Let’s play make-believe:

    You’ve been thrust into the role of building a charter school from the ground up. You are in a poverty-stricken community where many students’ parents are addicted to drugs and alcohol, in a culture that doesn’t value education. Many families don’t even have the transportation means to get their kids to school. Your budget won’t allow hiring school bus service because you’re getting just a third the budget of a traditional DOE school, basically nothing for facilities. The good news is you’re locally governed by a local school board, so lots of freedom to call the shots. The bad news is you are still held to a minimum requirement academic standard on a limited budget, a standard you must “achieve” to avoid losing the little funds you already have. Basically, you have to be practical and satisfy that pesky academic inconvenience just to stay afloat.

    My questions: how would you approach this challenge? What would you do with the limited budget you had? How would you get the community involved, for example how would you “include families and sensible people” to get the kids “learning” again? What would your ideal curriculum entail? Would you eliminate all classes based around academics, technology, film production, etc? In other words, would you be choosing curriculum for the kids and parents? Would you be concerned that some pre-schoolers might not be in good hands at home? Would you try to find a way to help them and their families? If so how?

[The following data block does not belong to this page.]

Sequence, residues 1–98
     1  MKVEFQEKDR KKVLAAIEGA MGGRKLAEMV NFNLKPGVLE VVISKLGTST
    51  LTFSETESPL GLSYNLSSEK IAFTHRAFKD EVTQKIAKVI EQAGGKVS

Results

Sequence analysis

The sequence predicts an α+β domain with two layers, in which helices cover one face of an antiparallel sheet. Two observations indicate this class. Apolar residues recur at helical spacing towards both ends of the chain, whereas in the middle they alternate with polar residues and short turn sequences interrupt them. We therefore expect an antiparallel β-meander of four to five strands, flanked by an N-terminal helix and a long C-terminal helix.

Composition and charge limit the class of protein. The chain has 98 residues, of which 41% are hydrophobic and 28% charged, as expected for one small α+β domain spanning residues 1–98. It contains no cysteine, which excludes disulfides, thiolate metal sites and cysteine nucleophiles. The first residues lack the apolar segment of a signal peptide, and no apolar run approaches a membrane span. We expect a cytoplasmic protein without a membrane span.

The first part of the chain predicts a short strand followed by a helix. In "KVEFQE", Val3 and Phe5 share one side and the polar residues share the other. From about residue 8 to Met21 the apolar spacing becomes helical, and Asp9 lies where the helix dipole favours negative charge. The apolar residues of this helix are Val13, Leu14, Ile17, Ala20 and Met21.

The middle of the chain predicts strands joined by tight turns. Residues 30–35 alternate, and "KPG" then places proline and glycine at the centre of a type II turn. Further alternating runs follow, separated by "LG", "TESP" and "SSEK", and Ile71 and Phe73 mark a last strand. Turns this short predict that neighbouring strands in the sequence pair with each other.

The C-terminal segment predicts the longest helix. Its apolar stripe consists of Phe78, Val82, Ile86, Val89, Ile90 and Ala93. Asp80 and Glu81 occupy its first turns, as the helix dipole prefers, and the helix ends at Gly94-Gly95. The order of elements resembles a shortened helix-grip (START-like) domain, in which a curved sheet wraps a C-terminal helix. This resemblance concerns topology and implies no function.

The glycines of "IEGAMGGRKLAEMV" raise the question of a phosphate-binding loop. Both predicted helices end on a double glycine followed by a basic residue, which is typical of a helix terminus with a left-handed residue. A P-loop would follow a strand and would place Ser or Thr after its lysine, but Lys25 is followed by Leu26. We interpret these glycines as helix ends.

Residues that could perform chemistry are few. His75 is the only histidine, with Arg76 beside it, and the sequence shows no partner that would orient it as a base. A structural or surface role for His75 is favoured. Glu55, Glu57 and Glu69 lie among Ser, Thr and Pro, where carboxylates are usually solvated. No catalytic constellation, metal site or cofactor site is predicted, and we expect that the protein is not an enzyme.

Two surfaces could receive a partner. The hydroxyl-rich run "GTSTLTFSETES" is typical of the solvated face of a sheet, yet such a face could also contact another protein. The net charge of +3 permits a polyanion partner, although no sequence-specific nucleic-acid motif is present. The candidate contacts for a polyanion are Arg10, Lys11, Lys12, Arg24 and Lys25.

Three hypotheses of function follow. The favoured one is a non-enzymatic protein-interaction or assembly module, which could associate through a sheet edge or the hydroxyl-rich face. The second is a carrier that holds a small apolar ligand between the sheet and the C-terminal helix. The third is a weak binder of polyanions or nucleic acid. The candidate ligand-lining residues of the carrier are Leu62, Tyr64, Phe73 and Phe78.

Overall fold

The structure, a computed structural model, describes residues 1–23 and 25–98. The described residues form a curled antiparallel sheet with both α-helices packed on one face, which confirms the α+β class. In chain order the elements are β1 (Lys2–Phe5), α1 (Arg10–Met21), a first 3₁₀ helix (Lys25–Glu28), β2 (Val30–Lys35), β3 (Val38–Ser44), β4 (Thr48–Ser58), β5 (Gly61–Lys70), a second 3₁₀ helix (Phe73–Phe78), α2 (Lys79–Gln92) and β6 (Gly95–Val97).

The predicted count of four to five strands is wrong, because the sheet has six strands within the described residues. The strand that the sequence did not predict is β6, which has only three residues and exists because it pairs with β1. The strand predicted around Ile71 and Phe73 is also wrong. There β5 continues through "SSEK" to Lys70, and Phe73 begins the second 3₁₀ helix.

I love alternative points of view, but if you stop at the critique it leaves me wanting. I’m looking for solutions! Look forward to continuing the dialogue.

  6. Aloha Tim,

    Hope this finds you well. I penned the following post that perhaps elucidates my concerns with early childhood education. I didn’t address the idea that educators may save small children from dysfunction at home. I think there is a twisted logic in saying the institution must protect us from ourselves. Sometimes we just gotta take care of our homes the best we can, lest we never learn to be more than a consumer of various engineered “fixes”. Anyway, as always, any comments are always welcome. Mahalo.